into that sector. charles: you're right. everyone is anxious about tomorrow's numbers. scott, thank you very much. appreciate it. >> see ya. charles: waymo, one of the big names getting into the industry with much more. self-driving taxi service has been hitting the streets of chandler, arizona, rolling out in december. our very own liz claman is live there with exclusive look inside one of the self-driving cars. liz if. liz: i'm putting my thumb out here. the proverbial thumb will be the app. this isn't will be, it is happening here in chandler, arizona. i know you know this, charles, you have passed on to your viewers what a huge developing to autonomous driving has really become. this is one of the chrysler pacificas that waymo has already on the roads. we've seen at least four of them already go by this morning here. we're parked outside the chandler library we will be taking off in the 3:00 p.m. eastern hour, live. we will show people how paying
riders are going through this. this is the driver's seat although there is no driver. there is a test driver for now, but they do not touch the steering wheel. can you see that, doug? do not touch the steering wheel. that will make the car automatically pull over. so far, they have completed more than 10 million-miles on the road. and they have also completed hundreds and hundreds of these rides. what i find really fascinating because we're a business channel is, this is already a business in that they're taking money from passengers who are signed up and paying but they're already figuring out ways to monetize the technology, not to competitors. you see these twirling things right here? this is part of the entire sensor system. this is the laser bear honeycomb. hilarious title here. but weave got, sort of the brain trust of it right here. they're already deciding how to package this and sell it to
companies who are say in the warehousing business or security business. what does it entail? hundreds of sensors, dozens in this case on the car, lots of cameras. they can anticipate just about anything. what about the facilities? not just sitting here as a car, there is a huge master control. 60,000 square foot facility employing lots of people here in chandler. they announced a new groundbreaking of one, 85,000 square feet facility. you worry about what about drivers losing their jobs, there are other jobs actually springing up here. that will be in mesa. they are announcing one in michigan. it is all going to be fascinating. we have the ceo live, first ever ride-along just in the next hour. i hope everyone joins us. it is history on television. we'll do it with waymo. back to you, charles. charles: thank you, liz. we'll preview our future. make sure you watch liz claman next hour with the ceo john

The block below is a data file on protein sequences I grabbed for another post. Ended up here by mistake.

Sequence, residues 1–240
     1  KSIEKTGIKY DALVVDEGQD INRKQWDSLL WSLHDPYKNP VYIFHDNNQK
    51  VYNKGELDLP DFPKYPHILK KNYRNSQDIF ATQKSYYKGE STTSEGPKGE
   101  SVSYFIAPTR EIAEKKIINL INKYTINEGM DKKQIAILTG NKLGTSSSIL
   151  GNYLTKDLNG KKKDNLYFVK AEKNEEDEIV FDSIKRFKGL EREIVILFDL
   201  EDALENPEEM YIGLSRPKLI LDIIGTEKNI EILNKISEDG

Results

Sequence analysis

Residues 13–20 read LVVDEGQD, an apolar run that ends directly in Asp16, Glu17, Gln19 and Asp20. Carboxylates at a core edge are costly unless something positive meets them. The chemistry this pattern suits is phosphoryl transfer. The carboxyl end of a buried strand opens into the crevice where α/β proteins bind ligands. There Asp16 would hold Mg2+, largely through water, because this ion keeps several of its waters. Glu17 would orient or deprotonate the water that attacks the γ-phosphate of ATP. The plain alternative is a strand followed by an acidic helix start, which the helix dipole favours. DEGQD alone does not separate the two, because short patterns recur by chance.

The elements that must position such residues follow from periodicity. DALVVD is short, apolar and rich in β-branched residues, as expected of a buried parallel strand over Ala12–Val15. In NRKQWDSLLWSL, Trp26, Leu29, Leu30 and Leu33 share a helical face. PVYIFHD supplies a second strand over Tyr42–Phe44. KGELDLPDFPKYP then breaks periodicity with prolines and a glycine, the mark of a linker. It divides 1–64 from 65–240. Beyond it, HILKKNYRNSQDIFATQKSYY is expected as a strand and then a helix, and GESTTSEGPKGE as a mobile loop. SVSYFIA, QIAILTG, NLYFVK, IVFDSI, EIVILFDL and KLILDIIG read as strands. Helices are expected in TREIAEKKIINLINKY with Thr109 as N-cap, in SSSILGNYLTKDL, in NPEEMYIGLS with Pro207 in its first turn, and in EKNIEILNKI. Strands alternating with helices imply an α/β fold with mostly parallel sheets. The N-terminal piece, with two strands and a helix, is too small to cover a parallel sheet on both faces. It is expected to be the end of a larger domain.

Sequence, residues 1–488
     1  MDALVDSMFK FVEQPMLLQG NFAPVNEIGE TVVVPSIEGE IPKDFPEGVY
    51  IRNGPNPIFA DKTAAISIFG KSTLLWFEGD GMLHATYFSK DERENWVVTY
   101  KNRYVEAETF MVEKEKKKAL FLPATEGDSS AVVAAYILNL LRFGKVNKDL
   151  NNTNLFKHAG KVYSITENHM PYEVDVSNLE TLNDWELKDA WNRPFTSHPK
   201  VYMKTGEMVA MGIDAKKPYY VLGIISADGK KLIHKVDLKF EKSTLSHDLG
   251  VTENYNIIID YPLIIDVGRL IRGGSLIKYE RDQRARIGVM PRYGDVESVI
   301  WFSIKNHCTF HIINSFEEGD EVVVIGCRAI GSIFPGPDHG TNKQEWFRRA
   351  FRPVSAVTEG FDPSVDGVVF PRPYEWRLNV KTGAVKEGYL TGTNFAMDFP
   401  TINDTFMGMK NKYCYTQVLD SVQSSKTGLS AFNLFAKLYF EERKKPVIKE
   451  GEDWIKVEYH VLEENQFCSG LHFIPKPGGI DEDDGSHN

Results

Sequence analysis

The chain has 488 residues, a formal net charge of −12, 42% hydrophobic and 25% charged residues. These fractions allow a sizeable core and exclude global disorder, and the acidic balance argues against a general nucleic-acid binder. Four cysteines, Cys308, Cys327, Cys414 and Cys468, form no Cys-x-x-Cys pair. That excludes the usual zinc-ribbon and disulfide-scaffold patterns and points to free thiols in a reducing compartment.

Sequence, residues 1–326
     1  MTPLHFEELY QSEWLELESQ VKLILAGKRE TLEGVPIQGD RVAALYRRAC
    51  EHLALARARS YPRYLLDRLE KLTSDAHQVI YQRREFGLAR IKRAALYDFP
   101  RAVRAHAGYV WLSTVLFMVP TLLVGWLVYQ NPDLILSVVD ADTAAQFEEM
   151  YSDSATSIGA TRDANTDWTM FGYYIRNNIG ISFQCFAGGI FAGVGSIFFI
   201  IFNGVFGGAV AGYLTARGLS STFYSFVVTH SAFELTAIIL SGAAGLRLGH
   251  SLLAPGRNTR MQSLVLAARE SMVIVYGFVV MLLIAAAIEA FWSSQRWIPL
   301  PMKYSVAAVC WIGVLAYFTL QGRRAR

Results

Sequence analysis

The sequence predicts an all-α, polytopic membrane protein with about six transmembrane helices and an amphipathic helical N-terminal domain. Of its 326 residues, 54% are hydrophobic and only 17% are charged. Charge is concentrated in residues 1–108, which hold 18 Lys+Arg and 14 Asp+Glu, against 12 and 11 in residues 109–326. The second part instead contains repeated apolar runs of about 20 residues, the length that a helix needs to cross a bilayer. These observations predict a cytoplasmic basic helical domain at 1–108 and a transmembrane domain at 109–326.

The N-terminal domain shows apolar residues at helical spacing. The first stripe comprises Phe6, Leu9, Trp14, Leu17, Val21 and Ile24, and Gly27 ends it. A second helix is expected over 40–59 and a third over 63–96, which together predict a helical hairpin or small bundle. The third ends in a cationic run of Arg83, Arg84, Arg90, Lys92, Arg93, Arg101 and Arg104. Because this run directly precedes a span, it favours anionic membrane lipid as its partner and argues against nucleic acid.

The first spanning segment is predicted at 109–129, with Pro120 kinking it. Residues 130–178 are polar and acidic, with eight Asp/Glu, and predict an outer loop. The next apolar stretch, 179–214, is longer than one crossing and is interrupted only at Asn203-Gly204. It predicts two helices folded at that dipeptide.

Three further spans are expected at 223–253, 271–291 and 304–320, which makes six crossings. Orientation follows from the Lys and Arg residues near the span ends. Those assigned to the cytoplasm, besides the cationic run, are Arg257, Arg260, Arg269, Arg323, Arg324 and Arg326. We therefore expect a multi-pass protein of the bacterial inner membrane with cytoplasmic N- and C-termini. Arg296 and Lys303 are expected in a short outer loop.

krepchic of waymo. jamie dimon sounded more like a presidential candidate than a bank ceo in the annual letter to shareholders, scolding both parties, acknowledging capitalism but acknowledging america's flaws. president trump is set to visit the southern border as he talks tough about shutting it down. next i will ask congressman andy biggs from arizona about his take. we'll be right back. ♪ ♪ ♪ i can do more to lower my a1c. because my body can still make its own insulin.
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going to close the border or i'm going to tariff the cars. charles: president trump doubling down on his threat to close the border with mexico today or he will put tariffs on cars. president trump giving mexico to address this and other good neighbor issues. homeland security secretary kirstjen nielsen visiting the border in arizona today. arizona congressman andy biggs is with me now. everyone is focused on your state with this major visit and of course the crisis. bring us where we are with the massive influx and the efforts being made by the border patrol folks? >> what you had last weekend in the yuma sector alone, one night over 1000 people were interdicted. this is indicative where we're going today. there are large groups coming together. two large caravans forming up in central america, moving through mexico. we're going to be on pace to get over a million people